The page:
Wednesday, February 17, 2010

Time After Time

"If you're lost, you can look and you will find me / Time after time / If you fall, I will catch you; I'll be waiting / Time after time"

Dusty and I were cuddled up on the couch watching The Time Traveler's Wife last Friday night when Diana woke up, whimpering. We listened for a few moments, to see if the whimpering would turn into something more alarming. Like the pained cry that immediately made Dusty jump up from the couch to go to her room. Usually, Diana is soothed back to sleep with a few minutes of rocking and singing, but then I heard Dusty's shaky voice: "Mama, we need you!" I don't remember the last time I moved so fast with so much baby belly.

I won't go into the gory details of what I saw when I flicked on the light in her room, but it turns out that Diana had caught the stomach flu at daycare. As soon as Dusty got within arm's reach of me, Diana practically leaped onto my belly, wrapped her arms tightly around my neck, and whimpered "Mama" between racking sobs. Everything and everyone between her room and the bathroom seemed covered in yuck. I'd like to think that Dusty and I are generally fairly level-headed people who manage all right in tough situations, but this is the sickest we have ever seen our kid. We panicked.

I somehow managed to haul myself and Diana into the shower, gingerly peeling each of her trembling limbs off me one at a time and washing underneath, all the while whispering, "Shhh, it's all right. Mama is here" so she would stop freaking out. Meanwhile, Dusty scrubbed the bedroom carpet and the hallway and bathroom floors, then threw a big load of laundry in the washer. He and I nearly collided a couple of times in the bathroom and hallway as we tried to get ourselves and our daughter calmed down and cleaned up. It was the most unfunny Keystone Kops routine ever.

Diana was still listless and clingy on Saturday, eating very little and keeping down even less. She stayed in her pajamas all day and mostly sat or slept near me while I did light household chores. That evening, the bug hit me hard and I spent most of the night and the next day in misery. The long weekend was supposed to be a celebration of Family Day in Alberta, but when Dusty was taken down by nausea and chills on Monday evening, we decided that Tuesday would be Family Sick Day.

It actually turned out to be a lovely day, except for the "sick" part. I piled up a bunch of blankets and pillows on the living room floor, where we made our base camp for the day. Diana gave it her enthusiastic seal of approval: "Is cozy, Mama!" We drank juice and water from teeny tea cups. We ate English muffins and dried berries, our plates and bowls balanced on our laps, and cheered on Daddy as he played Mass Effect 2. We watched HOURS of television and napped in between episodes of Wonder Pets. Sure, we broke a few house rules, but anything goes on Family Sick Day!

Oddly enough, Family Sick Day made me reflect more on The Time Traveler's Wife, and not just because it was the last thing we were watching before everyone got sick. The movie focuses on the love story between Henry and Clare, naturally diverging a bit from the book. I enjoyed both the book and the movie on their own merits, and the love story was certainly compelling, but the movie rang truest for me whenever it explored the bonds and bounds of familial love. That theme actually resonated more for me than the romance, whether it was Henry and Clare's struggle to have a family of their own, or Henry trying to build relationships with his parents, or Henry and Alba being "parental" to themselves and each other. Time may be fleeting, but family is forever.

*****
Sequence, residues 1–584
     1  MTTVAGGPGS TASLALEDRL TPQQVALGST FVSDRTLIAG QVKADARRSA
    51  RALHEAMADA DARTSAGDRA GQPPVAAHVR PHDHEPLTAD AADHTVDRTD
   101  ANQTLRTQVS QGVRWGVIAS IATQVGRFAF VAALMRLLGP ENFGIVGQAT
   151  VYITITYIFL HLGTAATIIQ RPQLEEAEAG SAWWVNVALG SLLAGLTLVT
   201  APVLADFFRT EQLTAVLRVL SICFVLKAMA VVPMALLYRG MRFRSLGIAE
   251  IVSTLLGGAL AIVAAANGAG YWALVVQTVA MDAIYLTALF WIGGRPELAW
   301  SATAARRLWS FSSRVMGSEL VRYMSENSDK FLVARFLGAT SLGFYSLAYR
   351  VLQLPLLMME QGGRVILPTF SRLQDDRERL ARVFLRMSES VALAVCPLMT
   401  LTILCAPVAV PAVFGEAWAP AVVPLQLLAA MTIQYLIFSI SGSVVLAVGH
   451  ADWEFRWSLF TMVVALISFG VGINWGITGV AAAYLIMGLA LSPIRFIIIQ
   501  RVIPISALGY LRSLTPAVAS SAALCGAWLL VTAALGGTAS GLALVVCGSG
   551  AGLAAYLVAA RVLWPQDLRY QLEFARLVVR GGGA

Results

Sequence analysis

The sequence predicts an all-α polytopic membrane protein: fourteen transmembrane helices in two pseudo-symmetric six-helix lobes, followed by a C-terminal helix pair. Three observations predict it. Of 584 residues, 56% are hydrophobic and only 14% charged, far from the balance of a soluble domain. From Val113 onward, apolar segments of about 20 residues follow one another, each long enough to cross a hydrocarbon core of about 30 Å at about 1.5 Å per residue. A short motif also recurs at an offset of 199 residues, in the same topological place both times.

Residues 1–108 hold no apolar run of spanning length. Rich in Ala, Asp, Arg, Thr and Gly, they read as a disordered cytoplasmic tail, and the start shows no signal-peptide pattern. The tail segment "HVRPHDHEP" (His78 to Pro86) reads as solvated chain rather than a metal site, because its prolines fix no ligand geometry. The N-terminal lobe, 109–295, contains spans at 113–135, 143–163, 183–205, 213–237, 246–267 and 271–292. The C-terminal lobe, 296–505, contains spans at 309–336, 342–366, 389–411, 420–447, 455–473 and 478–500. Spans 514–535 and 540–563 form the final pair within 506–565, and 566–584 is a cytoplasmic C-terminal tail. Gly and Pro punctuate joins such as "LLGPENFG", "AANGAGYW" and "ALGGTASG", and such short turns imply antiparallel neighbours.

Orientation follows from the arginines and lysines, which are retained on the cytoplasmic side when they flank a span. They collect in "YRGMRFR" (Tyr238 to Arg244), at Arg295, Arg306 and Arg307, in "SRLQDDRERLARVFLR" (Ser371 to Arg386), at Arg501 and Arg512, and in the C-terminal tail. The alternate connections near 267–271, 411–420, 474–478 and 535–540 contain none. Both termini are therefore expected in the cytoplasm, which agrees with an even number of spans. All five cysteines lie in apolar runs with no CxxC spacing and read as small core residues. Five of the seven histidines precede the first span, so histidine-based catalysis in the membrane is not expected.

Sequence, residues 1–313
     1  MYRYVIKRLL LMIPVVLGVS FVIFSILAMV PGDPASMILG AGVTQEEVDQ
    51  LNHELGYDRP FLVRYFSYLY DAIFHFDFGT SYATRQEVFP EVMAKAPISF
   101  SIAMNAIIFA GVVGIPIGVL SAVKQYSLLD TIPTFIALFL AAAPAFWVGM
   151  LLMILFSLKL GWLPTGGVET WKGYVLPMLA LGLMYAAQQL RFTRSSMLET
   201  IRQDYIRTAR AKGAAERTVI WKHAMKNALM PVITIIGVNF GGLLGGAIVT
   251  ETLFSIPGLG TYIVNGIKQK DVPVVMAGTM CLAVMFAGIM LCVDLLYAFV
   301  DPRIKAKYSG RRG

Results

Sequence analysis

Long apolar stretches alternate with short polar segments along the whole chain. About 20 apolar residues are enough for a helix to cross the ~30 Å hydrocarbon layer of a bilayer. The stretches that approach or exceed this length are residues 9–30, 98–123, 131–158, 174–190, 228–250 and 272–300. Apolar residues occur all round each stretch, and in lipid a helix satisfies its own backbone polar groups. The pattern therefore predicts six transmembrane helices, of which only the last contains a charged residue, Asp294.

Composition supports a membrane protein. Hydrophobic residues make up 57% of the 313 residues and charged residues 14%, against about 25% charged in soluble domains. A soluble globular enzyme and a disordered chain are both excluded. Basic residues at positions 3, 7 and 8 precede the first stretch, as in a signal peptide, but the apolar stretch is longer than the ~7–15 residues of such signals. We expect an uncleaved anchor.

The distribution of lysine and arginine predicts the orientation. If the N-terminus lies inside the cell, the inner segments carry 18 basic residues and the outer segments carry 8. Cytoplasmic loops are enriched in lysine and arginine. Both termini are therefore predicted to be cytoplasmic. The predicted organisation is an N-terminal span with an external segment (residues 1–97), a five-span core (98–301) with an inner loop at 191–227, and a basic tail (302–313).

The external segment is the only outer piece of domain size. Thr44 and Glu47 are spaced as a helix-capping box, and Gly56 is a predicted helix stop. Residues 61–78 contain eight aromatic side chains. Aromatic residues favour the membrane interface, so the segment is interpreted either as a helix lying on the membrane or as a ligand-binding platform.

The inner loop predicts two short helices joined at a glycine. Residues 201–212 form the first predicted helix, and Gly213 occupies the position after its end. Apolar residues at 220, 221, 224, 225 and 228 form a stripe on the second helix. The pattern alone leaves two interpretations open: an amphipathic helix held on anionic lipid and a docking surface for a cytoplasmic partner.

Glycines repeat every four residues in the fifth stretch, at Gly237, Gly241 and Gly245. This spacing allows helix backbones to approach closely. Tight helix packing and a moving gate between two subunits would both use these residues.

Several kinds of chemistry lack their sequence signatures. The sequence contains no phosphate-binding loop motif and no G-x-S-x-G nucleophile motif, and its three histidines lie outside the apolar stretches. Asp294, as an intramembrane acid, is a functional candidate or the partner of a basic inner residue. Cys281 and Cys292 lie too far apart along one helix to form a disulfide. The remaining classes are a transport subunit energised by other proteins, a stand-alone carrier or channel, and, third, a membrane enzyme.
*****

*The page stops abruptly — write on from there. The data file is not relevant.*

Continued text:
Like Henry and Clare, Dusty and I initially had trouble starting a family. I cried all-too-familiar tears during the scenes depicting their heartbreaking miscarriages. I remembered similar discussions and arguments that we had over whether or not we were meant to be parents. I cried again--happy tears--when they finally had their beautiful daughter. I remembered those first days after Diana was born, when we were all getting used to our new family. But I cried most when sad little Alba climbs into bed beside her grieving mother and they just hold each other close, clinging to what is still left of their wee family.

In just four short weeks, our family of three will become a family of four. It might seem like a strange time to think about my mortality, but one is never closer to death than when giving birth. Dusty recently said to me that he never feared death until he became a father. Now he is terrified of dying before Diana and her sibling have a chance to know him. The movie touches on this fear, that a time traveler like Henry will not be there to catch his child when she falls, that he will not be there for her when she feels lost.

I know that someday I will die. I know that someday sooner than that, my children will leave my home and my side. They will get sick and maybe nobody will be there to pile blankets and pillows on the floor for them to snuggle into until they feel better. They will get scared and freak out and maybe nobody will be there to calm them down. But until then, I can continue making Family Sick Day "cozy" and save a spot next to me when they just need to know that Mama is here.


"Time After Time" by Cyndi Lauper

Wednesday, February 10, 2010

Mama

"She used to be my enemy and never let me be free"

The Non-Adventures of Wonderella continues to make me suspect that Justin Pierce may be spying on me. How did he know I have a daughter?

[Click image for full comic]


Cookie: I want to order this print, frame it, and hang it in the girls' bedroom. Would that be wrong?

Dusty: Yes, love. That would be very wrong.